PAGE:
Future UK farm policies need a complete overhaul if the industry is to justify receiving taxpayer money, according to journalist and environmental campaigner George Monbiot.
Speaking at the Oxford Farming Conference, Mr Monbiot branded the current CAP as the ‘the most regressive allocation of public funds on earth’, and said that without reform, farmers could not expect to be paid by the public.
During a lively debate on the future of UK farm policy outside the European Union, Mr Monbiot said the current system saw ‘disproportionate’ payments being made to farmers who did not deserve them.
Pointing to hill farming as one of the major culprits, he said the current subsidy regime supported unproductive systems which caused considerable damage to the environment.
“It wont be a difficult political choice for the public between farmers getting the £3bn they currently receive and that money going to the NHS,” he said.
“If we’re going to have a subsidy system it has to be fair,” he added.
An improved system would include a rural hardship funding which did not necessarily go to farmers, he said, as well as payments for the provision of public goods, such as flood prevention, and a transitional fund to deal with the ‘perverse effects’ of the CAP.
“If we’re to move towards a more market-based system, it has to be more fair,” he added. “Government has to intervene. [That includes] creating a fair market that ensure farmers aren’t steamrollered by the supermarket behemoths.”
NFU deputy president Minette Batters said while direct support was unlikely to be maintained post-2020, paying farmers for providing ecosystem services was vital.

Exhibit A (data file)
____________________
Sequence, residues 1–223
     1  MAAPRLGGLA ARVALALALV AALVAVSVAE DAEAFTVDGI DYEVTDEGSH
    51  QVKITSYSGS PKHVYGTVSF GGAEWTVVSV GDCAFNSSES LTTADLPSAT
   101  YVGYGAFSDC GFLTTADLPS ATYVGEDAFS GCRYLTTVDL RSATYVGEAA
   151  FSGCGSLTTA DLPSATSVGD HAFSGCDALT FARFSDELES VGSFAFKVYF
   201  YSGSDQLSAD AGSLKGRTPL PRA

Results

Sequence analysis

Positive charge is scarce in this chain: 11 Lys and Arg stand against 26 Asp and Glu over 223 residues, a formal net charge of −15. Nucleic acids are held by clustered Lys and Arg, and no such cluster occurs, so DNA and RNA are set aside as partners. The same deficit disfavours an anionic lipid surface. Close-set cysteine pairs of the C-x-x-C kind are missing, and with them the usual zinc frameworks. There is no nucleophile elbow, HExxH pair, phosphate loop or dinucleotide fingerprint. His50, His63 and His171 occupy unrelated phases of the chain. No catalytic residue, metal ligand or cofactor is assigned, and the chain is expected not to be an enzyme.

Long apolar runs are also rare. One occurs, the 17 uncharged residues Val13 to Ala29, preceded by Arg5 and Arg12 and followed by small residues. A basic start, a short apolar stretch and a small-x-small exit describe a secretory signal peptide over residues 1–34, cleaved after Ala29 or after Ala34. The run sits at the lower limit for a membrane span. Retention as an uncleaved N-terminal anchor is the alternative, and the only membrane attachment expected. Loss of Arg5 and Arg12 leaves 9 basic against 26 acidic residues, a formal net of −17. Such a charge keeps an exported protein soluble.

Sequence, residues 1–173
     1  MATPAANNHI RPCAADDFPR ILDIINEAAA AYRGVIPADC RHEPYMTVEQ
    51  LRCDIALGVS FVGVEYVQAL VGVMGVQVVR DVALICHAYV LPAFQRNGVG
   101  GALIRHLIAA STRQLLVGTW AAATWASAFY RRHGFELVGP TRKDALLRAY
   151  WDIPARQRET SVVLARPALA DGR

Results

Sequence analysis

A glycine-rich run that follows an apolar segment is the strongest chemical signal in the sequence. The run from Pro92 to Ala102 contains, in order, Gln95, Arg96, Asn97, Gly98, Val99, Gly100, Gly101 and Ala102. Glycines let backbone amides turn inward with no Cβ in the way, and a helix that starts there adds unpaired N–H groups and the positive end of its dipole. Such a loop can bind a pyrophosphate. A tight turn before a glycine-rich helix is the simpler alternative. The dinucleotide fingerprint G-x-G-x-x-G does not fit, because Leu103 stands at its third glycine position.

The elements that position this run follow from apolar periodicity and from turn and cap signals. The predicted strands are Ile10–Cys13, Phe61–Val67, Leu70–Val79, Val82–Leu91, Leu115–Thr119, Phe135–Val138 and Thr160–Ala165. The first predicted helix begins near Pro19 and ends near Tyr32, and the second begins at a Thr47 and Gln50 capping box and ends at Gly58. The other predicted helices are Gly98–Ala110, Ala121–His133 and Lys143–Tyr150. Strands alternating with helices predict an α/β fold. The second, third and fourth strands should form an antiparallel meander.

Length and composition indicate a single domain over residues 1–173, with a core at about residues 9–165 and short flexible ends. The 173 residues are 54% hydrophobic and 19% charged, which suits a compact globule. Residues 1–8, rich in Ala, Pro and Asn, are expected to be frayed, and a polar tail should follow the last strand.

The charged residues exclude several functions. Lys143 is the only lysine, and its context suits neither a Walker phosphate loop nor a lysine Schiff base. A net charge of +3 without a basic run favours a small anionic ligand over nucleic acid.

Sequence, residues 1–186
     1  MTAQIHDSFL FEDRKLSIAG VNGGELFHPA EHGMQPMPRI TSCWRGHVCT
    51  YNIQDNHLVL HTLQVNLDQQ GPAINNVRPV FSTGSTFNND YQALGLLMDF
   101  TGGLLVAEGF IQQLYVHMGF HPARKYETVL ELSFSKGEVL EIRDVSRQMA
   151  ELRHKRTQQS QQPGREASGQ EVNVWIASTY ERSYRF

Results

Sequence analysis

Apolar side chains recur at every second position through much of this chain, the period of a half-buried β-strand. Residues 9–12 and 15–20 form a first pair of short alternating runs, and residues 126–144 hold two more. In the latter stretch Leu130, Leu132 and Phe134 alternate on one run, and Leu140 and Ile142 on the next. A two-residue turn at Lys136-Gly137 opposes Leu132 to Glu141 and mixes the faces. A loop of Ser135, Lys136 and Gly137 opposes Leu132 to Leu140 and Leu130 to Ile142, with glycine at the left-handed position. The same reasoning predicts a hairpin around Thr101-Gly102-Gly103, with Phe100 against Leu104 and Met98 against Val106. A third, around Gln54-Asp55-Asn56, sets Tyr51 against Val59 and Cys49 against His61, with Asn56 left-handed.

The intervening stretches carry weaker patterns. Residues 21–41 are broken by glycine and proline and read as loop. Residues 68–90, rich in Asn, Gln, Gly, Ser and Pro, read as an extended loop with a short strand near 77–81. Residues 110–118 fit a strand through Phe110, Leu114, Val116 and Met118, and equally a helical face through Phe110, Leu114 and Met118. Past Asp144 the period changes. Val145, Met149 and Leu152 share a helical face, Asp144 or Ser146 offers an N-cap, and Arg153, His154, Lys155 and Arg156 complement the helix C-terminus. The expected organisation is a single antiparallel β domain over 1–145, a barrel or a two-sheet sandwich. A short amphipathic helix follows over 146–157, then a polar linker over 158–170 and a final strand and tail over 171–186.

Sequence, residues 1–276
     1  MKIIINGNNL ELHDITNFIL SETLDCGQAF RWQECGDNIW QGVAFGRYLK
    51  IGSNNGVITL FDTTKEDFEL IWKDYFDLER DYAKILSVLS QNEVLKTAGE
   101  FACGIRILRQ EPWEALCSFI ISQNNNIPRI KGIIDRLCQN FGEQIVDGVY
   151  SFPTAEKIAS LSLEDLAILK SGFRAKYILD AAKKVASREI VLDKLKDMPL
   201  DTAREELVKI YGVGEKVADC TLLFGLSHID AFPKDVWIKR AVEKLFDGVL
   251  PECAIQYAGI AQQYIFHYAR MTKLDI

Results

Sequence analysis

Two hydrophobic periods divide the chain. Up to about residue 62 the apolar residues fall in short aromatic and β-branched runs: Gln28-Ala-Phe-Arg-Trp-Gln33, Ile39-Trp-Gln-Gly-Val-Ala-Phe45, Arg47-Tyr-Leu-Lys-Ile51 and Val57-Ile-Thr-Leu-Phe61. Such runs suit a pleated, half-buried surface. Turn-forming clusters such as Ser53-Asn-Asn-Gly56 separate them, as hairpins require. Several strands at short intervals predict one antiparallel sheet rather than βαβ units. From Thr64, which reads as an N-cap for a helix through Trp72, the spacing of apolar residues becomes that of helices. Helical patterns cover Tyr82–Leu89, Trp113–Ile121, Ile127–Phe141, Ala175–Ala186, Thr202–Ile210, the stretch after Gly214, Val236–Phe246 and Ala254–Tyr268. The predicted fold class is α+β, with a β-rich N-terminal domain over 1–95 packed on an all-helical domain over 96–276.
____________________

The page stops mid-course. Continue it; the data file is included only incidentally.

“We need to persuade the Treasury that any subsidy is needed,” she said. “We need to work together to persuade government that some subsidy for public goods is essential.”
One of the key issues for the sector was to secure the the fairest trade deal possible, she added.
“We need full, unrestricted access to the market,” she told delegates. “A whole economy approach is vital.
“We will negotiate trade as the UK,” she added. “The more synergy across the devolved regions the better.”
Yorkshire vegetable grower and NFU horticulture board chairman Guy Poskitt said it was vital current levels of support were maintained - at least in the short-term - to help the industry grow.
“We should be looking for the same budget, but deliver a policy which means our businesses don't need it,” he said.
“We want to use public money to drive our businesses into a position where we don’t need it. It’s not an overnight fix.”
National Trust director Helen Ghosh said that while current agricultural budgets were likely to be cut, it was vital farmers were rewarded for supporting habitats, wildlife, soil and landscapes.
On the face of diminished subsidies, more farmers would have to think differently about their businesses if they wanted to continue to farm in a profitable way, she said
“We will see more tourism, more access, more experiments. We will be working with our tenants to help with that kind of diversification.”